In the context of McCain's aggressive criticism, the media has been portraying Obama as "on the defensive," "dogged by criticism" and "boxed in" by McCain on Iraq and other issues. For example, the Kansas City Star framed one of their stories on Obama's patriotism by emphasizing the extent to which he was "dogged by criticism" for not wearing a flag pin in his lapel. Likewise, an ABC story by Jake Tapper was headlined "The Success of the Surge Seemingly Puts Obama on the Defensive." The same was the case with Dick Morris and Eileen McGann column for the New York Post which was headlined "The Way to Box in Barack on Iraq."

Contrary to Rush Limbaugh, the basic media narrative has been that McCain on offense/Obama on defense.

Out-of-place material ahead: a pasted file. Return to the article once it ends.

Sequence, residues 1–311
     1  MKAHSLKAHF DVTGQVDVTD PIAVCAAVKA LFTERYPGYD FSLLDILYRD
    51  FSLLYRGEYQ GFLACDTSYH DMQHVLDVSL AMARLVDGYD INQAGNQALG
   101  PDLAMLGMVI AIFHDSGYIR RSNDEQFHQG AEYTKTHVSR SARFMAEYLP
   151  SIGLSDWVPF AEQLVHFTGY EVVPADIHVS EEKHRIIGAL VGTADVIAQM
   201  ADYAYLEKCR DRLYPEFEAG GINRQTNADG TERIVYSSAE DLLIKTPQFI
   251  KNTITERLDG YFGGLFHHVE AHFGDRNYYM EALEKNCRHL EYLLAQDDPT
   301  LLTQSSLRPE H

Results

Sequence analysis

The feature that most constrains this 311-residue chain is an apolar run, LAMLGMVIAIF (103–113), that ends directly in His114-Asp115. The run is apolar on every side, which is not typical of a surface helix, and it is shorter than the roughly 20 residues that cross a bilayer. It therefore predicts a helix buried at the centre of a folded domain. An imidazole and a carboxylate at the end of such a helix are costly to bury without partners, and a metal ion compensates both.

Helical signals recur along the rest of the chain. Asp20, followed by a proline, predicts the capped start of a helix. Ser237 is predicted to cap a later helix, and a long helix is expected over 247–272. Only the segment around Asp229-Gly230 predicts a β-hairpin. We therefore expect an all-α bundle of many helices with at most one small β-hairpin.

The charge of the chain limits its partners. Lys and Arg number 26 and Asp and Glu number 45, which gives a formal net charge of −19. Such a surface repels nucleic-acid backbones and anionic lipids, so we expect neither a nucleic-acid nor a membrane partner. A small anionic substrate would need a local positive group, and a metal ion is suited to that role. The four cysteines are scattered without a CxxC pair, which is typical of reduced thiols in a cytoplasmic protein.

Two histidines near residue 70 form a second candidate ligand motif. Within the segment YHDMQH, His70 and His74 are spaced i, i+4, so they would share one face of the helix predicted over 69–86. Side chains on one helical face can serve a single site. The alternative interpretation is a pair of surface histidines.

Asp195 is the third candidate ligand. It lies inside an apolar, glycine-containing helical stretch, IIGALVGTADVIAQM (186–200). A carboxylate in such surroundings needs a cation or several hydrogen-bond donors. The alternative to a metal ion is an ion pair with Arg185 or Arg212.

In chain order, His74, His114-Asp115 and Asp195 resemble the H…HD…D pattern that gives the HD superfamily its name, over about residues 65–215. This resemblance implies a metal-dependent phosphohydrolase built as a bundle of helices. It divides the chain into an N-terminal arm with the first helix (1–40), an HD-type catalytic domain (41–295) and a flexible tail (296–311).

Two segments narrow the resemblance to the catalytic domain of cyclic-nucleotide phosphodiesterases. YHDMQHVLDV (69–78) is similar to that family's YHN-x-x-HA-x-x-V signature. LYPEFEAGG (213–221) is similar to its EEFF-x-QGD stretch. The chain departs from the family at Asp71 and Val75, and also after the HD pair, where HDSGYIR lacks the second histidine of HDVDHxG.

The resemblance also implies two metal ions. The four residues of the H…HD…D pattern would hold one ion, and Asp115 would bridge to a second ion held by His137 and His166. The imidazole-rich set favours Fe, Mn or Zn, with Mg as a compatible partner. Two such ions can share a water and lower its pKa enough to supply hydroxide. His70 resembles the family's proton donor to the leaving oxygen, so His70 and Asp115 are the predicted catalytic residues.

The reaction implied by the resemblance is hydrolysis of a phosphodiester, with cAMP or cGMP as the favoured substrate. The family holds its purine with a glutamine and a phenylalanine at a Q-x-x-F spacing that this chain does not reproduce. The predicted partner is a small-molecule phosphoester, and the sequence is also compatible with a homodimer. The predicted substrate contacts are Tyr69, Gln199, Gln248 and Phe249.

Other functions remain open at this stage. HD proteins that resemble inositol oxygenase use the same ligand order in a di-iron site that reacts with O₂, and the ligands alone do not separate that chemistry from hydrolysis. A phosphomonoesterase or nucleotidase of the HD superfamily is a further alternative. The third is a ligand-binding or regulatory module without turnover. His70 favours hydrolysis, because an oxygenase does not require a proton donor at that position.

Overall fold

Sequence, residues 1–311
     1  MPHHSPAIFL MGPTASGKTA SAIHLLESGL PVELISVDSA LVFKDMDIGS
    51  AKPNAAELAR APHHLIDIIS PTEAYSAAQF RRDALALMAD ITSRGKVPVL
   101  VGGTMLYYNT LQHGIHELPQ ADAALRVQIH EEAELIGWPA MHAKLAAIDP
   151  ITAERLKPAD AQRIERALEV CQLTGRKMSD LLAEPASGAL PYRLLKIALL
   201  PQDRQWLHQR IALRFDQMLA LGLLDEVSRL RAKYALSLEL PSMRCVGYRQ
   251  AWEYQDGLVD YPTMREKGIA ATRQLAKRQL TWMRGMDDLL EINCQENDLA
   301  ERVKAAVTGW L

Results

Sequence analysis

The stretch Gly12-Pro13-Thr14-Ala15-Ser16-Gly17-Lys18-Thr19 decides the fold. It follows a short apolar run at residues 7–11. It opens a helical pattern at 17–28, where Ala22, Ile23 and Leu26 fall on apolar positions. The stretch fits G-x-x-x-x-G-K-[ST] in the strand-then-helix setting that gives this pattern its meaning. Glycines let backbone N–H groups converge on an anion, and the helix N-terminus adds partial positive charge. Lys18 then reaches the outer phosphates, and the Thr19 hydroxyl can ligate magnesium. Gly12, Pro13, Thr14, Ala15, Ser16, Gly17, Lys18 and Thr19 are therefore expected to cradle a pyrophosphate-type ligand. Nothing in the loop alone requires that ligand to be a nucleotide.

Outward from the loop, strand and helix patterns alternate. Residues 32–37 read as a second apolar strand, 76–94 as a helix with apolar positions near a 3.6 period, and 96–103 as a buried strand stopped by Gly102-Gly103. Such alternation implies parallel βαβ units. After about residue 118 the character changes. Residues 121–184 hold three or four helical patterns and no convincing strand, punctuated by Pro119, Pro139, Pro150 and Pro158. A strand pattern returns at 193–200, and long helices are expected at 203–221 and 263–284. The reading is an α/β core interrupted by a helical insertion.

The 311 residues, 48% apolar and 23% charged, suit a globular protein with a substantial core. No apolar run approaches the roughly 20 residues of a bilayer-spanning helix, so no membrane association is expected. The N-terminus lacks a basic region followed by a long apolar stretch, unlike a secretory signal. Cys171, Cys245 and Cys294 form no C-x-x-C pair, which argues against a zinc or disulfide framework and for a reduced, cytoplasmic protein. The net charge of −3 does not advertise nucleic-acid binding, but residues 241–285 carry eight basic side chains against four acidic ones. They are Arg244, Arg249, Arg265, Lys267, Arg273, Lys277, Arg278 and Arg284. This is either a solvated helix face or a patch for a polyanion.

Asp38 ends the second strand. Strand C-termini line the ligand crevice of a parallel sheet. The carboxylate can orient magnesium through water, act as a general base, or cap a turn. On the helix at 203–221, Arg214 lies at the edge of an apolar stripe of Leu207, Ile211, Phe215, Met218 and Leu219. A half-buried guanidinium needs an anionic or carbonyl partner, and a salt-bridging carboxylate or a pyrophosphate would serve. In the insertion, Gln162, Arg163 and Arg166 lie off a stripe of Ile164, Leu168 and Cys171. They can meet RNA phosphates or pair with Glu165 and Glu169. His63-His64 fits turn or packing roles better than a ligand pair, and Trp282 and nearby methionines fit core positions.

That doesn't mean that all the puff stories from the network talking heads aren't going to help Obama. But the question is not whether the current success of Obama's trip is going to confirm media bias toward Obama, but whether the trip is going to change the media narrative in Obama's favor.

The Miracle of What?

Salon has an interesting interview with James Carse, a historian of religion and the author of a new book entitled The Religious Case Against Belief. For Carse, being religious is connected with a question of existence:
Are you religious yourself? I would say yes, but in the sense that I am endlessly fascinated with the unknowability of what it means to be human, to exist at all. Or as Martin Heidegger asked, why is there something rather than nothing? There's no answer to that. And yet it hovers behind all of our other answers as an enduring question. For me, it puts a kind of miraculous glow on the world and my experience of the world. So in that sense, I am religious.